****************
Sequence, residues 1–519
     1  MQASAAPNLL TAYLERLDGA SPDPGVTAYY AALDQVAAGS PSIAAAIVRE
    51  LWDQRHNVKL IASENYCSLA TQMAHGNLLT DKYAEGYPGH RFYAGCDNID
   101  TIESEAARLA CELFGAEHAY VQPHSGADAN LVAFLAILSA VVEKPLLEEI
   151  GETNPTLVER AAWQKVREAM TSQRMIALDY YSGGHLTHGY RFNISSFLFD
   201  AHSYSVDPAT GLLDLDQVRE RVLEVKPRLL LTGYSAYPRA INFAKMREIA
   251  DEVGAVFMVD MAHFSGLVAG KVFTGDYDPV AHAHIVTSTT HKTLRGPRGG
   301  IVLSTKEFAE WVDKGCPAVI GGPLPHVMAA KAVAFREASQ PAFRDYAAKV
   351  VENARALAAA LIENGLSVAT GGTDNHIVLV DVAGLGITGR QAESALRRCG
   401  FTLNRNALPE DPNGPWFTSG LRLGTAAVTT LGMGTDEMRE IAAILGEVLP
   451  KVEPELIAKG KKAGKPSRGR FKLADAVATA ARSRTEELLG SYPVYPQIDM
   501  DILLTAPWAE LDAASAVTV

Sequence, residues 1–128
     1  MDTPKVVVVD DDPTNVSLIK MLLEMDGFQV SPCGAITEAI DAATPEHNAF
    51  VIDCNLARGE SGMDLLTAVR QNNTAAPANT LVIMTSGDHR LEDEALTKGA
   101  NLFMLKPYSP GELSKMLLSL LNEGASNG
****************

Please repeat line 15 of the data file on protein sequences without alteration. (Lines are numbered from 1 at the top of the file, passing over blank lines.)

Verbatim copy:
    51  VIDCNLARGE SGMDLLTAVR QNNTAAPANT LVIMTSGDHR LEDEALTKGA